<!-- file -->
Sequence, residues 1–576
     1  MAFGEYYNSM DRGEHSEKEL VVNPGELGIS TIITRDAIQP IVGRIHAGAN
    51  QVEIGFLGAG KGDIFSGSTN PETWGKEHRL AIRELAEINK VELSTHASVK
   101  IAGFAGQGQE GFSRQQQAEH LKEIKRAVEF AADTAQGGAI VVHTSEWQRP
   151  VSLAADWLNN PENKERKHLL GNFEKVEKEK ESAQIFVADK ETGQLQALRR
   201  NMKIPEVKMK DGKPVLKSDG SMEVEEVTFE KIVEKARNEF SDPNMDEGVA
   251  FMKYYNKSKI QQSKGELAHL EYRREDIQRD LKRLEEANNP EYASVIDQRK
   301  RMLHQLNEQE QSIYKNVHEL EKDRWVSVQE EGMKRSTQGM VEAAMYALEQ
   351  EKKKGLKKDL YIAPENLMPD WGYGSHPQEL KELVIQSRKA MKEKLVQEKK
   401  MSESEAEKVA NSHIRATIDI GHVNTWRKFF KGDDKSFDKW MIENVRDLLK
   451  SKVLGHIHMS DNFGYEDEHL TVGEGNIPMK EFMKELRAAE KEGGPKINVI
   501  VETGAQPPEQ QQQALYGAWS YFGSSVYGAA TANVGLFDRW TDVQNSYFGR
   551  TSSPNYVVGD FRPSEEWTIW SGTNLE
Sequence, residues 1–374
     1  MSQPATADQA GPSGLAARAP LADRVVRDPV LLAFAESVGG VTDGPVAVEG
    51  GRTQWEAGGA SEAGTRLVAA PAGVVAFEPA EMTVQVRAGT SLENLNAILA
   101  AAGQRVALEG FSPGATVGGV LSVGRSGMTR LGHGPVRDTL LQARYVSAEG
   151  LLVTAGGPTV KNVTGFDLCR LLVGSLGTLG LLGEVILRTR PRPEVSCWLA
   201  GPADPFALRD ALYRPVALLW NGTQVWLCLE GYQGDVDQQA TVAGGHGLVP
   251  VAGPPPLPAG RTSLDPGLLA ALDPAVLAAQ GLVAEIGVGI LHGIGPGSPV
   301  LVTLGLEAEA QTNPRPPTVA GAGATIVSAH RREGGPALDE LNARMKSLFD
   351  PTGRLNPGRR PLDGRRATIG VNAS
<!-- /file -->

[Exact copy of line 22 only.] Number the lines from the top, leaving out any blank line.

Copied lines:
   351  PTGRLNPGRR PLDGRRATIG VNAS